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Guest blog: Rapid response communications in the aftermath of cybercrime

Cybercrime is the second biggest challenge facing the UK financial sector[1]. With a global impact of over $450 billion a year, it is critical that financial organisations are able to respond quickly when events such as security breaches occur. Of significant importance is communicating swiftly with customers, highlighted by recent regulatory reforms, such as MiFID II and GDPR, which require companies to have clear communication strategies in place.

Balancing prevention and response

For many businesses, the emphasis has been on preventing cybercrime, however, organisations should take a more balanced approach by also focusing on reducing the impact of an attack. Indeed, the UK Finance report states that as well as investing more in robust security systems, financial companies should also apply budget to models that are “agile, responsive and focus on protecting customers.”[2]

Key to this is developing a rapid response communications strategy and while this may pose a significant challenge, it is far less inconvenient than formulating one in the immediate aftermath of a data breach. Without forward planning, there’s an increased risk of using ineffective communication methods that confuse customers and require further messages to be sent. Having an effective strategy can reduce costs by thousands of pounds and help mitigate reputational risk.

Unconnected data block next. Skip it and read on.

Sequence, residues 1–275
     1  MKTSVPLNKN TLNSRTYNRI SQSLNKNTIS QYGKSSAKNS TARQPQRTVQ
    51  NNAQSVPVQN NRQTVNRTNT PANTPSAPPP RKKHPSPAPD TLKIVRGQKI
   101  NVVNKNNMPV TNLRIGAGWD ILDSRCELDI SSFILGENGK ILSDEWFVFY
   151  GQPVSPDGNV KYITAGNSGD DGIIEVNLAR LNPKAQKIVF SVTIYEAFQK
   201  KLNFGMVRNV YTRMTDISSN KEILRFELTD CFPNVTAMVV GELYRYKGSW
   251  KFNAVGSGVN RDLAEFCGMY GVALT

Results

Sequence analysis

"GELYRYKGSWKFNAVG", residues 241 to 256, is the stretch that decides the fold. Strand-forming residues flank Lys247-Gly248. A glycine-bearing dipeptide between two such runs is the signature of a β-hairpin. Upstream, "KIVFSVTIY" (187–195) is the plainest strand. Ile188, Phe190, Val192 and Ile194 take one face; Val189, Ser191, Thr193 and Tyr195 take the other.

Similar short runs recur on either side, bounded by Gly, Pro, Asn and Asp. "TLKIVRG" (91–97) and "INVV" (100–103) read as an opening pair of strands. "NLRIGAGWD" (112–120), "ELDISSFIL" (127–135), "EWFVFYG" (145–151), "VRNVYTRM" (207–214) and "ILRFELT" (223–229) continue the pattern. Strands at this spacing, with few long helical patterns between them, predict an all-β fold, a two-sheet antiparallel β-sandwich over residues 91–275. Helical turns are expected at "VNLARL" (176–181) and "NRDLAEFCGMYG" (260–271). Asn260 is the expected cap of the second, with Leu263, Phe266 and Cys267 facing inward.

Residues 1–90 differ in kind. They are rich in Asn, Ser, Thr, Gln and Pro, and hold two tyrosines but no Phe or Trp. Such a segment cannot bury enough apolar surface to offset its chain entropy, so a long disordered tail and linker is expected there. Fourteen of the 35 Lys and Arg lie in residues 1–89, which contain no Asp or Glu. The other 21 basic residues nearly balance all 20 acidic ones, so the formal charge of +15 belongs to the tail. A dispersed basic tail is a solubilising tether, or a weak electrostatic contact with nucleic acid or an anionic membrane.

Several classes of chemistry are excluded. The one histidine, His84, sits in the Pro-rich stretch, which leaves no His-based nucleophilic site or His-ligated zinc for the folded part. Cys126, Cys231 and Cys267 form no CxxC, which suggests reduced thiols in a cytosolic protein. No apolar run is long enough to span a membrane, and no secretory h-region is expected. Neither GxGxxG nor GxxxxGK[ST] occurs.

Systems for rapid response

Available technologies mean that when cyber-attacks occur, financial companies have a number of options for sending time-critical alerts, such as email, SMS messages, printed mail or a combination of these. The crucial factor is choosing the most appropriate channel for the client and this is best done by asking them to nominate their preferred form of message. 

By creating pre-prepared, multi-channel templates that are ready for issue with a tailored message, it means that if an incident happens, the company is in a much stronger position to comply within the 72-hour response deadline.

Multi-channel communications are just part of an effective rapid response strategy. In addition, there is also a need to accurately track progress to ensure every customer has been reached within the given timeframe.

Companies can benefit from working with a rapid response communications specialist that can plan required actions, create templates designed for swift editing and trigger message delivery. In addition, it will track, report and archive as required, reducing the impact on the customer, preserving the company’s integrity and ensuring legal obligations are met.

Communicating with vulnerable customers

Any rapid response framework should also consider how to communicate with vulnerable customers – be that the financial vulnerable, or those with other needs brought on by disability, mental health problems, old age, literacy issues or learning difficulties. Such circumstances may require communications to be available in accessible formats or priority support to be offered in an emergency, such as a data breach.

By using data intelligently, it is possible to identify and support such customers. It is even possible to create a predictive model that can highlight those with difficulties through their data characteristics, so that organisations can approach them with appropriate messages, while at the same time ensuring they are handled sensitively to avoid barriers and denial.

For more information visit: www.paragon-cc.com

Posted by Peter Toole on 21 June 2019